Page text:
Introduction to Computational Arts

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Course Date: 25 August 2014 to 22 December 2014 (17 weeks)

Price: free

Course Summary

This multidisciplinary production class serves as an introduction to, and exploration of electronic media in the arts. Lectures will cover concepts and presentations of artists working in various capacities with computers, as well as tutorials on specific software packages.


Estimated Workload: 3-4 hours/week

Course Instructors

Margaret Schedel

Margaret Anne Schedel is a composer and cellist specializing in the creation and performance of ferociously interactive media whose works have been performed throughout the United States and abroad. While working towards a DMA in music composition at the University of Cincinnati College Conservatory of Music, her interactive multimedia opera, A King Listens, premiered at the Cincinnati Contemporary Arts Center and was profiled by apple.com. She holds a certificate in Deep Listening with Pauline Oliveros and has studied composition with Mara Helmuth, Cort Lippe and McGregor Boyle. She sits on the boards of 60x60 Dance, the BEAM Foundation, Devotion Gallery, the International Computer Music Association, and Organised Sound. She contributed a chapter to the Cambridge Companion to Electronic Music, and her article on generative multimedia was recently published in Contemporary Music Review. She is a joint author of Electronic Music and is working on an issue of Organised Sound on sonification. Her work has been supported by the Presser Foundation, Centro Mexicano para la Música y les Artes Sonoras, and Meet the Composer. In 2010 she co-chaired the International Computer Music Conference, and in 2011 she co-chaired the Electro-Acoustic Music Studies Network Conference.  Her research focuses on gesture in music, and the sustainability of technology in art. As an Assistant Professor of Music at Stony Brook University, she serves as Co-Director of Computer Music and is a core faculty member of cDACT, the consortium for digital art, culture and technology.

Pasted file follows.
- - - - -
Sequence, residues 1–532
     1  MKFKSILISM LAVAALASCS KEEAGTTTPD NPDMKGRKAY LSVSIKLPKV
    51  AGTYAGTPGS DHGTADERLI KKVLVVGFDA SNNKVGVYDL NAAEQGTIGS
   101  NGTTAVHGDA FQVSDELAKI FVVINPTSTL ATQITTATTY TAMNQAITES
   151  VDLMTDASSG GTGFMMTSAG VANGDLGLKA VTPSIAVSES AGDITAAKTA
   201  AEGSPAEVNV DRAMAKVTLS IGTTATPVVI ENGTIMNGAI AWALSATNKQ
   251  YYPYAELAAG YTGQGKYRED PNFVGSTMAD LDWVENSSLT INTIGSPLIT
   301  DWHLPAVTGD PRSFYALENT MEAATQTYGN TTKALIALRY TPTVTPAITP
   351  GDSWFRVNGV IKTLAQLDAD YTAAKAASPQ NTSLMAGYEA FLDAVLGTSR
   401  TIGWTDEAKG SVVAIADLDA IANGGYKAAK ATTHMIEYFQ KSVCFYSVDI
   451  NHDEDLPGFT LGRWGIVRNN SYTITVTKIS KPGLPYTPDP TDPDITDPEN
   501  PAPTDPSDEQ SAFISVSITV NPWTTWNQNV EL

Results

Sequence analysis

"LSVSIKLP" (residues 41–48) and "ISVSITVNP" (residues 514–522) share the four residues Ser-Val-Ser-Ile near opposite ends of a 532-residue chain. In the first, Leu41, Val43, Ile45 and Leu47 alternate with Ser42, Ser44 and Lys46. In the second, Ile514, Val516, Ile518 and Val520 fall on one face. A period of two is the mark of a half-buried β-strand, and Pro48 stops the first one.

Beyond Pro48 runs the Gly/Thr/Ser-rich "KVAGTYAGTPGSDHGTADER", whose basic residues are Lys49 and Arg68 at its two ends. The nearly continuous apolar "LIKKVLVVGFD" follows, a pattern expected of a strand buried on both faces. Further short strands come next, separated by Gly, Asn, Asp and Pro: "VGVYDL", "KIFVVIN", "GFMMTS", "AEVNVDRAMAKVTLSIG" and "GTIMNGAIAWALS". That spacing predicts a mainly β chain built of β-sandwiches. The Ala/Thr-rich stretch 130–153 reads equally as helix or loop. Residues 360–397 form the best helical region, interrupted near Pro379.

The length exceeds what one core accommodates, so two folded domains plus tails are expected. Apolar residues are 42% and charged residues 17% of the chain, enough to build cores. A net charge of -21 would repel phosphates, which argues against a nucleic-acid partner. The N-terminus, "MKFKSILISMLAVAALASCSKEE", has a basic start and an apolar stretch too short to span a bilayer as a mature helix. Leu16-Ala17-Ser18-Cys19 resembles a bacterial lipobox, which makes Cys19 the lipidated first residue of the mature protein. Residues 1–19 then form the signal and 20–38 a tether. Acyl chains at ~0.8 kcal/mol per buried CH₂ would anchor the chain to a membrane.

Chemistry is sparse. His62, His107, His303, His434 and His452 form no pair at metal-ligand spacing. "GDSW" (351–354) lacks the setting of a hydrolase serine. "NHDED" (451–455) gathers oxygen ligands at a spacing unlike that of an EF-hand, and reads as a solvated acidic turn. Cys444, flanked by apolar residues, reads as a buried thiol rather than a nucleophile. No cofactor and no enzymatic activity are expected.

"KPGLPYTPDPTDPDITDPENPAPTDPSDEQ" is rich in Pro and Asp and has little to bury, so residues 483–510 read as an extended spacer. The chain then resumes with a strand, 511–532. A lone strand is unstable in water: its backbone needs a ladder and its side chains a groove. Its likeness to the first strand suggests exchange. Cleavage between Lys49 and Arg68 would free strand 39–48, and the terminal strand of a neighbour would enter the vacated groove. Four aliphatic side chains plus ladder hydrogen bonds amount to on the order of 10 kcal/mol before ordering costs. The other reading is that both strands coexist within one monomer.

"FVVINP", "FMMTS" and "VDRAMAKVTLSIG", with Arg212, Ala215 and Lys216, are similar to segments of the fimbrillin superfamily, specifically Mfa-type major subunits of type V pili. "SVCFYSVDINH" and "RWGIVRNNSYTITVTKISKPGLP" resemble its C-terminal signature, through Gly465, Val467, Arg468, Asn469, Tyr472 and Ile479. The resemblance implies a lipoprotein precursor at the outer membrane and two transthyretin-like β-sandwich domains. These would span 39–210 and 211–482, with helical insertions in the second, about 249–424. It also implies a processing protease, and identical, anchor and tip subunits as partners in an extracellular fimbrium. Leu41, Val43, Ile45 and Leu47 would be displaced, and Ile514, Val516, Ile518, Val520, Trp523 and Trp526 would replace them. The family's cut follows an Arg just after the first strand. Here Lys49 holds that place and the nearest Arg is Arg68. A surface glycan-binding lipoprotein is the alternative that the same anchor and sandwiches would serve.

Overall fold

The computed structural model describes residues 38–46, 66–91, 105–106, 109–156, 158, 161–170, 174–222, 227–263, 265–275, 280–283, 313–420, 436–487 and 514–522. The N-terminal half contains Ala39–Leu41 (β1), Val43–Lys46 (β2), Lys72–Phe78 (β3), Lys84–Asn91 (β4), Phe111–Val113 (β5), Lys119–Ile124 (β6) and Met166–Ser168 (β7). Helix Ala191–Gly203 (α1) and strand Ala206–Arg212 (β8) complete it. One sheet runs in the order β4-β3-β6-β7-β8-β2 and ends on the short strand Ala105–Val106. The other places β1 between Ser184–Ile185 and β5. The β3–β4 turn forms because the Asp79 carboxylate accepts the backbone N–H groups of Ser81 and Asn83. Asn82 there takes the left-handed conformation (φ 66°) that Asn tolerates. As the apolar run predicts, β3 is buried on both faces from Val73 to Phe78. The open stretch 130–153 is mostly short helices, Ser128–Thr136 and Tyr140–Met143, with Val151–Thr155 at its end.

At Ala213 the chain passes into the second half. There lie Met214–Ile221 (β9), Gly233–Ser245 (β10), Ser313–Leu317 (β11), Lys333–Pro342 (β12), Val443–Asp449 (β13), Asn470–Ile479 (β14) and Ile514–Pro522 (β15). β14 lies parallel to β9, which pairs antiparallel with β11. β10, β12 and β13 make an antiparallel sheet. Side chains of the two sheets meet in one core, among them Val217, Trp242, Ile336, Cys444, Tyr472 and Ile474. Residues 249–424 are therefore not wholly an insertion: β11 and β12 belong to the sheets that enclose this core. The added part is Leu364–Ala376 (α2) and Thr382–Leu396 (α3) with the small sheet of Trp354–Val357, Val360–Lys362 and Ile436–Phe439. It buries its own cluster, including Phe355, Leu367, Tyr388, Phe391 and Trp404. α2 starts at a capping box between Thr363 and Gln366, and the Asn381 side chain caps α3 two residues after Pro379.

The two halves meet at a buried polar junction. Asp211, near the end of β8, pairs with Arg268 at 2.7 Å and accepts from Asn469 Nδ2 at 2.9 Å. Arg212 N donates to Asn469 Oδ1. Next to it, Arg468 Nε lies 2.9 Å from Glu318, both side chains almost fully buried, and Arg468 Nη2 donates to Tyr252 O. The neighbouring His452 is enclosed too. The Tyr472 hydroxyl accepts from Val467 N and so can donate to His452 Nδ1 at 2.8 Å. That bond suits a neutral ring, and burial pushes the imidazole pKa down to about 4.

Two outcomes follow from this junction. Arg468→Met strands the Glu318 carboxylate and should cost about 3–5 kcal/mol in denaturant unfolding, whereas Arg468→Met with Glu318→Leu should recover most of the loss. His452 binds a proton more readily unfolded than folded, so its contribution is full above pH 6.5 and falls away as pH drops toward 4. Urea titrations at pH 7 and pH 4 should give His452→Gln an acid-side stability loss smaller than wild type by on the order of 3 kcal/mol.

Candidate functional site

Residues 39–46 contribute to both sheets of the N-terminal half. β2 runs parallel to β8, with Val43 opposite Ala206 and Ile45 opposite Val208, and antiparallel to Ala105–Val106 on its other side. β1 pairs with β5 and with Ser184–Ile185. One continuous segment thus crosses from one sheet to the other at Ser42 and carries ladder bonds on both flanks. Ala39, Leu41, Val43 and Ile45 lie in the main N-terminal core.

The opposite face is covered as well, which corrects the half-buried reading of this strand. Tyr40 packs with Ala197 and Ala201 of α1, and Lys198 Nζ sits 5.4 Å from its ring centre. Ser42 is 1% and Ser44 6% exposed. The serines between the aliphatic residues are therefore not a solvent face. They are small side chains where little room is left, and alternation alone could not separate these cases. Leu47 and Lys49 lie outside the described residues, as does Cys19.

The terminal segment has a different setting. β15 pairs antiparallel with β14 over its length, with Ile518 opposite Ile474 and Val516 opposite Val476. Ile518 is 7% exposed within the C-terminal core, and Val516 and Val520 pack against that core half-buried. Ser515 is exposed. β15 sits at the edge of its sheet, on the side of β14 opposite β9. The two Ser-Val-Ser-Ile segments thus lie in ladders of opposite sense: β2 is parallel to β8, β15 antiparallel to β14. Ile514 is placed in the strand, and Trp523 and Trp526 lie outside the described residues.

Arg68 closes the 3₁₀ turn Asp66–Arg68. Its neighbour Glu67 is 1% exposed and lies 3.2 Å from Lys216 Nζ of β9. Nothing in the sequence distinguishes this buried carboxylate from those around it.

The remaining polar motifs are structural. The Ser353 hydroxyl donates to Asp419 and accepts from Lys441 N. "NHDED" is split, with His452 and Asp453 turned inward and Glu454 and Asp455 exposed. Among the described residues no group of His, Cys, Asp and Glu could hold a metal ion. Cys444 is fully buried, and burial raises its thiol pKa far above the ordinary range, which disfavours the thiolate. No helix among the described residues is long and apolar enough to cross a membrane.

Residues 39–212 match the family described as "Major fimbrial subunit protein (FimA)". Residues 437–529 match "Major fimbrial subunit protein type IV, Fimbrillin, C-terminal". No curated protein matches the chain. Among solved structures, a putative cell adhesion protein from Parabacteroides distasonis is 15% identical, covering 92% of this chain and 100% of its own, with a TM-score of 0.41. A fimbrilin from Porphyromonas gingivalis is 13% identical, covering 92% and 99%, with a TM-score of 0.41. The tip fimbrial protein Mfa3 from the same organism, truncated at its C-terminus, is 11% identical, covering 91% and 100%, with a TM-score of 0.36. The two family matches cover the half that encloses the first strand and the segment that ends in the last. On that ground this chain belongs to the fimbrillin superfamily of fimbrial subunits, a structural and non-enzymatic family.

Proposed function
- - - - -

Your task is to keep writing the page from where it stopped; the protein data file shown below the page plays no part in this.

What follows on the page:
Course Description

In this 16-week course we’ll introduce the fundamentals of computational arts–covering basic programming, simple image processing and elementary sound recording. This class has been taught for seventeen years at Stony Brook University, and is an accessible introduction to combining arts and computing.

For programming we’ll be using the free and open source programming language and integrated development environment, Processing. The course will provide the essentials of programming in a visual context, allowing you to visualize, design, and create generative art with Processing.

For visuals we’ll cover Photoshop CS5 and GIMP, which is a free open-source tool offering the same functionality as Photoshop. Whether you have access to one or the other, you will learn how to create and manipulate digital images, and most importantly, you will become comfortable enough to expand on what you learn here, after the end of our course.

For sound we’ll teach both Logic and Soundation. Logic is Apple’s DAW or Digital Audio Workstation while Soundation is a free web-based multi-track audio editor. We’ll be teaching the basics of digital audio–including recording, and automating effects.

You will complete both technical assignments and artistic projects, and learn how to participate in an aesthetic critique. We’ll cover the history of sound and art in the Twentieth and 21st Centuries to give context for your artistic endeavors.

Peer review is integral to the success of this class; we will also teach you how to give constructive criticism. By the end of the 15 weeks you should have a strong foundation for how computers work and deal with data, specifically how image and sound are represented by the computer.

Additionally, you’ll create an online portfolio of digital art projects, and be able to communicate ideas about art.  

Each week you’ll watch two video series - one on the theory and one on the practice. There will be technical assignments and artistic projects which will be peer reviewed. We’re looking forward to working with you.


FAQ

Will I get a Statement of Accomplishment after completing this class?
Yes. Students who successfully complete the class will receive a Statement of Accomplishment signed by the instructor.

What resources will I need for this class?
For this course, you will need a computer, internet connection, Windows/Mac OS X operating system, with Processing, Photoshop or GIMP, and Logic or Soundation.

What is the coolest thing I’ll learn if I take this class?
Learning how to use your computer as a tool for artistic expression and finally learn what all those numbers and acronyms mean.

How does grading work in this course?
Your peers will be reviewing your assignments and projects, and your assessments will be graded automatically. You’ll receive a cummulative score report at the end of the course.

Can I contact the instructors directly, if I have questions about the material?
Due to the massive nature of this course, contacting the instructors directly is not allowed. We will however, be available for virtual hours, responding to selective forums posts, and monitoring the discussion boards.